Wednesday, July 25, 2018

(Review) The Lost Boys (1987) - Just In Time for Its 31st Anniversary!


The Lost Boys (1987) 🎃🎃🎃🎃🎃

On July 31st, 1987, The Lost Boys was released in theaters. I was summoned to Earth that very year, and had only watched parts on television or clips on social media, so I was never able to fully watch the movie for some reason. Well, thanks to Netflix, that has changed. I watched The Lost Boys. And 31 years later, I'm a huge fan.


The Lost Boys is about two brothers, Michael (Jason Patric) and Sam (Corey Haim), who move from Phoenix to Santa Clara with their mother Lucy (Dianne Wiest) after an ugly divorce. They settle in with their grandpa (Barnard Hughes) and soon discover that Santa Clara has something mysterious and evil hidden behind it's carefree living, carnival amusements, and concerts. And what might that be? Vampires!

First off, this is one of the very few 80s horror films that isn't melting and gooey with cheese. I mean, sure, the movie is, at times, a walking time capsule for 80s culture, but this doesn't ruin anything about the film and its story.

What I also love about The Lost Boys is the really cool horror and vampire atmosphere and feeling that it shows and gives off. This is a perfect movie for Halloween season or, really, any time of the year! The score is perfect, the 80s music is awesome, and the vampires are scary-looking.

What I was a wee disappointed with was the lack of screen time for "the Lost boys" in vampire form. We see them a lot as their normal, human selves, but it would have been much cooler to see them attacking more, and walking around with their vampire faces on. It totally makes sense that they change their features in attack mode, but there are a couple scenes where we don't actually see who is attacking these people on screen (a security guard and a girl who is laughing feverishly at a comic book).


Another thing: these vampires are probably, and will probably be the only, kick ass vampires ever. They are motorcycle-riding-80s-hairspray-hairstyle-rocking-leather-jacket-boardwalk-terrorizing-flying vampires. There ain't no sparkling here.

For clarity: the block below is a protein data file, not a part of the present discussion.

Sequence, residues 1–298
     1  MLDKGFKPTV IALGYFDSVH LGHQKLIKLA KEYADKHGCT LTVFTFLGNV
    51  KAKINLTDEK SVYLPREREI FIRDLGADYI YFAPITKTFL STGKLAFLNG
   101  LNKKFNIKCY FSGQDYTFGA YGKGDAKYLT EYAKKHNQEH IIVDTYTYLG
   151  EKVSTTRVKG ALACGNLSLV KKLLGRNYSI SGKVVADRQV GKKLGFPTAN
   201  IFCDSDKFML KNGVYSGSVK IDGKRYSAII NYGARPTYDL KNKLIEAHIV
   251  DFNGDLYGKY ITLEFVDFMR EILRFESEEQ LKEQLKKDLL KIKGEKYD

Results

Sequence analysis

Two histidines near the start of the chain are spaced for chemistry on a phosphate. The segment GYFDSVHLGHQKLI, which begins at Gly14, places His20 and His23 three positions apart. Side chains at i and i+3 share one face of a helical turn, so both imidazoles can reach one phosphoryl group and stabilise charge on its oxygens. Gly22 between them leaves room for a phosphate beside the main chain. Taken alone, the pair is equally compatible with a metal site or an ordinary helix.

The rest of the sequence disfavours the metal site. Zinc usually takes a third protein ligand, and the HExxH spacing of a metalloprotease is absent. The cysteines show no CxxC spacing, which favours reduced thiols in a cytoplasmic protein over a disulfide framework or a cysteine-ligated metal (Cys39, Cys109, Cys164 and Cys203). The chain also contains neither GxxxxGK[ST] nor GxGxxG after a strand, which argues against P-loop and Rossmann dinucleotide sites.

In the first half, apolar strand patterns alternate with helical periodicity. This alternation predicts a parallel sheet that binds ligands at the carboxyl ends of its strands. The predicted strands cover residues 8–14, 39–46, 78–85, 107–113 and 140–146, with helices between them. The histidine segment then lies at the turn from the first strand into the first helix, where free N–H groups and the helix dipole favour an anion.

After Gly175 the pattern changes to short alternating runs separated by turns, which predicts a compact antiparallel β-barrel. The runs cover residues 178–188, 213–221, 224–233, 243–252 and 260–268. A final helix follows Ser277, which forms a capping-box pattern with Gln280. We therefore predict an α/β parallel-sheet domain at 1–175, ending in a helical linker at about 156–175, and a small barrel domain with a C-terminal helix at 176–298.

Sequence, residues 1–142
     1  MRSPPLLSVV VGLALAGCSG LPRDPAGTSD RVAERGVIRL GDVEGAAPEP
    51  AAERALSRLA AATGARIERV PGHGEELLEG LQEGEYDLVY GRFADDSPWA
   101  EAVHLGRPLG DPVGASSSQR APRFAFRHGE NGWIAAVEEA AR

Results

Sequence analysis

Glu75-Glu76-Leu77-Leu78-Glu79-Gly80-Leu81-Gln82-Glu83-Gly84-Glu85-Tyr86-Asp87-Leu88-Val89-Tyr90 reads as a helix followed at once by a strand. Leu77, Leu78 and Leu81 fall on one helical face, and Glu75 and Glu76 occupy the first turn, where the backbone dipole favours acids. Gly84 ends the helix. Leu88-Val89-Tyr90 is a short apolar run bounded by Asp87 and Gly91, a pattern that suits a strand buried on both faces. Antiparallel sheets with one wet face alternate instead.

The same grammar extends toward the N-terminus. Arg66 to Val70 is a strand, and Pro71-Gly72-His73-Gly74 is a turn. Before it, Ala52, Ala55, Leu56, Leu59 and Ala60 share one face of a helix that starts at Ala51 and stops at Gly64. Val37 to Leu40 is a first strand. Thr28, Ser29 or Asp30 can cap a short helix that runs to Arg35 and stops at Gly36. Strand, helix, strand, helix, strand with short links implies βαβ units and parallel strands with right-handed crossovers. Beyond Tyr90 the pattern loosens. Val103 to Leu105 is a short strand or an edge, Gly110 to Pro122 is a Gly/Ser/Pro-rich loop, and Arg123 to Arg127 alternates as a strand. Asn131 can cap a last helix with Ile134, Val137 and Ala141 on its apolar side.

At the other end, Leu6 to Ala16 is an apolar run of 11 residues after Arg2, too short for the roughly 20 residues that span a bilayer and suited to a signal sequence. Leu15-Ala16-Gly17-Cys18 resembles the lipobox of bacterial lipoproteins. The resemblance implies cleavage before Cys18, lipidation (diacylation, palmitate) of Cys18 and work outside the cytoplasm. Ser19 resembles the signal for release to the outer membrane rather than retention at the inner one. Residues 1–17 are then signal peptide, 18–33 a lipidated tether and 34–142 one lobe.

All actors did a great job in their rolls. I really liked the Grandpa because he was funny and he...just watch the movie. David (Keifer Sutherland) is the leader of the vampire gang, and I would have loved to see more of him because he played the role so well.

I also liked how the story had heart to it. There was the brother (Michael) not knowing what was going on with him, and Sam, although frieghtened, was still there for his brother and wanted to help. And of course there was the girl Michael just straight up stole from David, Star (Jami Gertz), who didn't want to succumb to the vampire life and wanted to help the missing-boy-turnt-vampire.


Corey Fieldman (Edgar Frog) is a vampire-cautious-comic-book-nerd that comes to Sam's aid with his brother Alan Frog (Jamison Newlander). These two brothers are funny and add to the comic relief. And don't forget, they kick vampire butt. And Corey Haim is really funny, too. He played the role extremely well.


The makeup and effects are very awesome. And it's not likely to say that about an 80s film.

So, every July 31st, watch this movie, make it a tradition. And be sure to watch it during Halloweentime because it is perfect for it.


P.s. if you really want to feel the 80s in this movie then watch when Tim Capello sings "I Still Believe" and blows the hell out of that saxophone.


Check out the movie here:



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